80. Troy Dye, LB, Oregon
81. Leki Fotu, DL, Utah
84. Larrell Murchison, DL, NC State
86. Jacob Eason, QB, Washington
87. Kenny Willekes, EDGE, Michigan State
88. K’Von Wallace, S, Clemson
89. Thaddeus Moss, TE, LSU
91. Eno Benjamin, RB, Arizona State
92. Ben Bredeson, G, Michigan
93. K.J. Hill, WR, Ohio State
100. Jake Fromm, QB, Georgia
101. Brycen Hopkins, TE, Purdue
102. Collin Johnson, WR, Texas
104. Tyler Johnson, WR, Minnesota
105. James Lynch, DL, Baylor
106. Logan Stenberg, G, Kentucky
109. Solomon Kindley, G, Georgia
110. Trevon Hill, EDGE, Miami
113. Evan Weaver, LB, California
114. Gabriel Davis, WR, UCF
116. Akeem Davis-Gaither, LB, Appalachian State
117. Jason Strowbridge, DL, UNC
123. Quintez Cephus, WR, Wisconsin
124. A.J. Green, CB, Oklahoma State
125. Francis Bernard, LB, Utah

2020 NFL Draft: First-Round Surprises and Best Players Available

That was exactly what everyone in the sports world needed. A nice dose of excitement, chaos and entertainment. Cincinnati, Washington and Detroit kicked the draft off with some predictable picks. After that, nothing was guaranteed. Trades started coming fast and furious in the 20s. Miami and Los Angeles stayed put and took franchise quarterbacks. Tons of wide receivers and corners came off the board, maybe not in the order most expected.

I think it is way too early to start handing out grades for the first round. We can do that a few years from now. (I should really go back and regrade the 2015 draft class.) Instead, let’s discuss the biggest surprises of the first round. There are plenty to discuss, but I think the first one is pretty obvious.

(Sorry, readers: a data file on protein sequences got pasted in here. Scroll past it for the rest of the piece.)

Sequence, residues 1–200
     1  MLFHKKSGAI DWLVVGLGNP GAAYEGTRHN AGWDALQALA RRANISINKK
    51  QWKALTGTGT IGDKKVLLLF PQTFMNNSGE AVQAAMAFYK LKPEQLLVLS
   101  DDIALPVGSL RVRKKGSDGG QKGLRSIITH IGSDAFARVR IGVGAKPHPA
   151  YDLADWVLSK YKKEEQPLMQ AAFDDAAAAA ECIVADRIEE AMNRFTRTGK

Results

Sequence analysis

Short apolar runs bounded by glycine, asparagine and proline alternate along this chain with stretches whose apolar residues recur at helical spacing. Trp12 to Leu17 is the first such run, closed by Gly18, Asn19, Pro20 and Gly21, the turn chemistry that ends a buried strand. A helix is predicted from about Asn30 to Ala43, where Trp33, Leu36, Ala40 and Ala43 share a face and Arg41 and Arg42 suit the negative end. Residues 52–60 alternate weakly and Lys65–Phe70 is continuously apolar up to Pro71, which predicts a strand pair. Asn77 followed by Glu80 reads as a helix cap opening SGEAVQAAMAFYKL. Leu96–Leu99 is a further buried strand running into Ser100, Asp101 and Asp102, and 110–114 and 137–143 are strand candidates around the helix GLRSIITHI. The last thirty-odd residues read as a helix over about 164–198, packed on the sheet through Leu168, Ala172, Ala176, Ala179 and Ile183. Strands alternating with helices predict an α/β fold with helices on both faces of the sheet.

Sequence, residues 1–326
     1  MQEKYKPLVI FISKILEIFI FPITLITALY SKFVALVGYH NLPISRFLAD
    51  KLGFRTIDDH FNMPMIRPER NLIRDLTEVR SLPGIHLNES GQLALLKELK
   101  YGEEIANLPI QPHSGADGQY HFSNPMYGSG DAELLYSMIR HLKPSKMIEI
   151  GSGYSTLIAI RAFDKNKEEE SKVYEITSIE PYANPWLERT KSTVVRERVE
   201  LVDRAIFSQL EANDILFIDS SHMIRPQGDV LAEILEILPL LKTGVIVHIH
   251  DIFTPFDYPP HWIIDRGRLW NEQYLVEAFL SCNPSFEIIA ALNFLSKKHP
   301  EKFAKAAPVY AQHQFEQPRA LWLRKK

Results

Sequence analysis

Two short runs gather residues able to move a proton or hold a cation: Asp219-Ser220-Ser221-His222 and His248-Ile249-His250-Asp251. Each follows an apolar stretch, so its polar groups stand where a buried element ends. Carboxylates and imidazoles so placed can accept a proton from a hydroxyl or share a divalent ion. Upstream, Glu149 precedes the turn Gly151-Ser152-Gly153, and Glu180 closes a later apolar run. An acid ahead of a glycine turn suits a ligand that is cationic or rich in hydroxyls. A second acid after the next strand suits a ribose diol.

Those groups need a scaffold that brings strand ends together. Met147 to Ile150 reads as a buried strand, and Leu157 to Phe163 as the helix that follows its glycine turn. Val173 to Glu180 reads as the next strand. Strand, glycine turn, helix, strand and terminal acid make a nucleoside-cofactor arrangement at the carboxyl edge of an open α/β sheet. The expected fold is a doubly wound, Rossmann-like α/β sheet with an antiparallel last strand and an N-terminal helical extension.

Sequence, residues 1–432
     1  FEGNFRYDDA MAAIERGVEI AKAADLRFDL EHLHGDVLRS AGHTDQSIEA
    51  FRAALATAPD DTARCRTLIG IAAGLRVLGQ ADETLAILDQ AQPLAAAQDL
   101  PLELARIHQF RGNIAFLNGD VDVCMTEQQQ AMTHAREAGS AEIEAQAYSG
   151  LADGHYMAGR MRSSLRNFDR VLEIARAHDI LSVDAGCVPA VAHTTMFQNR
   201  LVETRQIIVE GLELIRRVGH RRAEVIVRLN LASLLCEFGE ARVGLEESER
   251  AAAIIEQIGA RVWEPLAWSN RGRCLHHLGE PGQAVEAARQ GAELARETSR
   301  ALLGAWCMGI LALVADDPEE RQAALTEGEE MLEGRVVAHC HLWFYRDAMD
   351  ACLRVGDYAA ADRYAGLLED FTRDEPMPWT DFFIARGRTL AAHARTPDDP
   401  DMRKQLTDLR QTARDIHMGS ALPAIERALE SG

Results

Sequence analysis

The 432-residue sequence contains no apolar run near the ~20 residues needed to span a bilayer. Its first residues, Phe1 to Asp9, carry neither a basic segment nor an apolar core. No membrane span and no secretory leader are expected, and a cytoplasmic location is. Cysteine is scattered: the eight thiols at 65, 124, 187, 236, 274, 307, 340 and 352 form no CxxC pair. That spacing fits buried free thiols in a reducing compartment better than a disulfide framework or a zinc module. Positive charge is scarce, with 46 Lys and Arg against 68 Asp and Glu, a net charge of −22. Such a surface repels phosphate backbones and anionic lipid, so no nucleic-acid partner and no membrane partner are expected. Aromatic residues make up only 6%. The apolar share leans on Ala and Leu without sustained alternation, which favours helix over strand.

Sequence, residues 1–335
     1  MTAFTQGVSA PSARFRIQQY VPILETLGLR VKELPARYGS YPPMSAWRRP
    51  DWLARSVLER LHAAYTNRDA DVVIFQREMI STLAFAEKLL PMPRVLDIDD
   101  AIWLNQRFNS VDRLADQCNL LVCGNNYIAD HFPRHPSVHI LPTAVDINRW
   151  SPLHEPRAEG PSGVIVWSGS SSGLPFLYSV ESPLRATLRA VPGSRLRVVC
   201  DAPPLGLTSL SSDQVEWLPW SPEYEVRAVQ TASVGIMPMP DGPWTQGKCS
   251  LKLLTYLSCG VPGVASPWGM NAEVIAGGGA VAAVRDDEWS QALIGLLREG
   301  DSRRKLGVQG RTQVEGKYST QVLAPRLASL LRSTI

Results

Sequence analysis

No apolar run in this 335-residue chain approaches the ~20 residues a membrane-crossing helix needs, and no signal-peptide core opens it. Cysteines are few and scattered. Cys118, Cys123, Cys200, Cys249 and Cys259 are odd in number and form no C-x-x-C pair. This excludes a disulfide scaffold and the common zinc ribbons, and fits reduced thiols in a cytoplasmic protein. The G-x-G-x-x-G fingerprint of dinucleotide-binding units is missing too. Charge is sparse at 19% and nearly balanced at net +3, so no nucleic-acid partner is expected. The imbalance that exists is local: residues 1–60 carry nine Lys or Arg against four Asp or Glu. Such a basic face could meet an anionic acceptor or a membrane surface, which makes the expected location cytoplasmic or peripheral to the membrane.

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Rodgers turned 36 in December. (Wikimedia Commons)

Packers trade up for Aaron Rodgers’ successor
Of all the teams to take a chance on Utah State quarterback Jordan Love, I did not have Green Bay anywhere in the conversation. Thinking about it though, this is exactly what the franchise did with Brett Favre towards the end of his career. They saw a talented quarterback sliding and pounced to find their next franchise passer. What makes this so shocking is that Aaron Rodgers has shown no signs of slowing down. This offense is in desperate need of more playmakers. In a draft stocked with them, it felt like a great chance for the Packers to find Rodgers more weapons. Instead, they found the man who will potentially replace him. After being just a game away from the Super Bowl last year, this feels like an odd move. Credit the Green Bay for being forward thinking, but I definitely did not expect this.